Internist or Family Practice Physician

If you're experiencing any of the symptoms of asthma, you should make an appointment with your primary healthcare provider—an internist, a family practice physician, or, in the case of children, a pediatrician.

Pediatrician

A pediatrician is an internist who has completed additional training in caring for the health of children. A pediatrician will be able to diagnose and prescribe the appropriate treatment for a child suffering from asthmatic symptoms or may refer the child to a specialist.

Pulmonologist

Your primary care provider may refer you to a pulmonologist, a specialist who deals with conditions of the lung and respiratory tract. Pulmonologists complete additional training in the prevention, diagnosis, and treatment of lung and respiratory problems. A pulmonologist can treat asthma as well as other serious respiratory conditions such as chronic obstructive pulmonary disease, pneumonia, and emphysema, among others.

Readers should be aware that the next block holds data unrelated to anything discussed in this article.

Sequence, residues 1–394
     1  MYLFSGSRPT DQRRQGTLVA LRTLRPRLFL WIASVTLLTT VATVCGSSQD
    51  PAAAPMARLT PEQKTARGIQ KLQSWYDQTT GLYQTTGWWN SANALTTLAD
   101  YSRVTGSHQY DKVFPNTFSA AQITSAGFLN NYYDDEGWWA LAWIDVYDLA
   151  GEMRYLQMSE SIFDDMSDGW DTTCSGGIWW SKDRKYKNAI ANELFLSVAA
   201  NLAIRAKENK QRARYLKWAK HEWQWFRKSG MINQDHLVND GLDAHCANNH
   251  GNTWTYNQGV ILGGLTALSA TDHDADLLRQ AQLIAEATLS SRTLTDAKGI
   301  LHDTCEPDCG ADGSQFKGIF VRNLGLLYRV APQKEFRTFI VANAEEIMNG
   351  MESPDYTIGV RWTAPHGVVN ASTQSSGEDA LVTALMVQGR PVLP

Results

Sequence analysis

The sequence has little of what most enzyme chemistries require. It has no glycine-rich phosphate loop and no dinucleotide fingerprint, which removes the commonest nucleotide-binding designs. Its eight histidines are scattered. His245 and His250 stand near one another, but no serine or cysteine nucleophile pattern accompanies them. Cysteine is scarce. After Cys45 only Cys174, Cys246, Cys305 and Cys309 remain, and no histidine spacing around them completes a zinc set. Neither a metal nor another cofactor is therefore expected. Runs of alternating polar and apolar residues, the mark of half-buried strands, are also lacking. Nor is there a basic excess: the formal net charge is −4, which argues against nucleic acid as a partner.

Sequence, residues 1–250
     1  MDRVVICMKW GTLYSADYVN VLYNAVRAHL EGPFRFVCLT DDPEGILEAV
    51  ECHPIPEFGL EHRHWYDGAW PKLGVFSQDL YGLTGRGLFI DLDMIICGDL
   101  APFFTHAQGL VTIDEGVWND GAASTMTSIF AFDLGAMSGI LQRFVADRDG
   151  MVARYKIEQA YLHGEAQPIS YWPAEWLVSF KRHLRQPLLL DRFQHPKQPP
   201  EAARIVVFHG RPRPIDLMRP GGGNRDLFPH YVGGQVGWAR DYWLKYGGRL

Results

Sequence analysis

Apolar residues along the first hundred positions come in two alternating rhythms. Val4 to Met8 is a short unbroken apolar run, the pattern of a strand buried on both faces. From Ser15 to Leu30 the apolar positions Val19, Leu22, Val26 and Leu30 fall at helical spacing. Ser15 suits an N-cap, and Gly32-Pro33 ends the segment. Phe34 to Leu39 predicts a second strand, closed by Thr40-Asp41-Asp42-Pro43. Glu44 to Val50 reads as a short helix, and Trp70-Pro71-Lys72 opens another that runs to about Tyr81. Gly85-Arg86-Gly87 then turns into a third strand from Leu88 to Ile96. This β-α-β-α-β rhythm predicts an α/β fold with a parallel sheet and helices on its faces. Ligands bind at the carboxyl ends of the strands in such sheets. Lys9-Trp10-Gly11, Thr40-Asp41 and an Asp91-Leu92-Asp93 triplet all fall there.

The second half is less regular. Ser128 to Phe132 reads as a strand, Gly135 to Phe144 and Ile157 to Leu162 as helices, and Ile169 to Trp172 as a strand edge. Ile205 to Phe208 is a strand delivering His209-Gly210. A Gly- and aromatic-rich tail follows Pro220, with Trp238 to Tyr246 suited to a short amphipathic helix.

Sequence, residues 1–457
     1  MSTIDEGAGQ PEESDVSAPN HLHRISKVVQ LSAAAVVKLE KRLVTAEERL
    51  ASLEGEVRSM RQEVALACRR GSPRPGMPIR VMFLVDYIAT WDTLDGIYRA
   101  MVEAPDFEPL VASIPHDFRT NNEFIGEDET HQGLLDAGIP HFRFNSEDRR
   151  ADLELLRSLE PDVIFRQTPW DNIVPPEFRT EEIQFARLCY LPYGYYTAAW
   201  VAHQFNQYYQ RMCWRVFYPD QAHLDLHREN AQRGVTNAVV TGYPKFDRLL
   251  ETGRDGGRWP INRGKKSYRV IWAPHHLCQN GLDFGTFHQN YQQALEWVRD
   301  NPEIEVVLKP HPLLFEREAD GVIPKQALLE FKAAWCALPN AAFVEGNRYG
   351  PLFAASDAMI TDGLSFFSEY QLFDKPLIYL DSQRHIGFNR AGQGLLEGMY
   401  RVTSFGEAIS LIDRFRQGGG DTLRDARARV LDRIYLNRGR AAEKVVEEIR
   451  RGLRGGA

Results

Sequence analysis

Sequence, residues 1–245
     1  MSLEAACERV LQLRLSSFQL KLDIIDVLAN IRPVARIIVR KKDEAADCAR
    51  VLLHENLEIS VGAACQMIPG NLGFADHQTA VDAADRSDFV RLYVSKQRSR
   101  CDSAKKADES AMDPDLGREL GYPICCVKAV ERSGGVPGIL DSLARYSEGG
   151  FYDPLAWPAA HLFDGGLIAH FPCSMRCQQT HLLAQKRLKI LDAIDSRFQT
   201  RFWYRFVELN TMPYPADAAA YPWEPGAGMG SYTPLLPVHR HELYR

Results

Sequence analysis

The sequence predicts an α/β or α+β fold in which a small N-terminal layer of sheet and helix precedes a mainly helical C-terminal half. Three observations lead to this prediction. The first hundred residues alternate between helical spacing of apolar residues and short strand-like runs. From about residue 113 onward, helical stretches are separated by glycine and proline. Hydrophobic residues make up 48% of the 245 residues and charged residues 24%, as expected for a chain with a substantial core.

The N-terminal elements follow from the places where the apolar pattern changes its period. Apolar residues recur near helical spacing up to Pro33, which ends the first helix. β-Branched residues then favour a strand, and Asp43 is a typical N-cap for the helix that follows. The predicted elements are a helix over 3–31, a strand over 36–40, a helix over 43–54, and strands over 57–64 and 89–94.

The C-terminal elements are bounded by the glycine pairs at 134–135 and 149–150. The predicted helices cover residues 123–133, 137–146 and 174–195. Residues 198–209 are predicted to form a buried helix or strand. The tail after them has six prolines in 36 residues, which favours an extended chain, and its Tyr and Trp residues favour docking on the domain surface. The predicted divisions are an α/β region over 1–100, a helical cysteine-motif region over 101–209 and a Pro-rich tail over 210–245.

Allergist and Immunologist

An allergist is a pediatrician or internist who has undergone additional training in issues of the immune system. Often, asthma is the result of an inappropriate or overly intense system response to normally harmless compounds. An allergist or immunologist investigates the immune system and treats patients with immune system disorders, such as asthma.

Respiratory Therapist

While not physicians, respiratory therapists are specially trained healthcare professionals who help treat airway and breathing problems caused by asthma and other disorders. They may guide you through breathing treatments and exercises to help restore function to your respiratory system.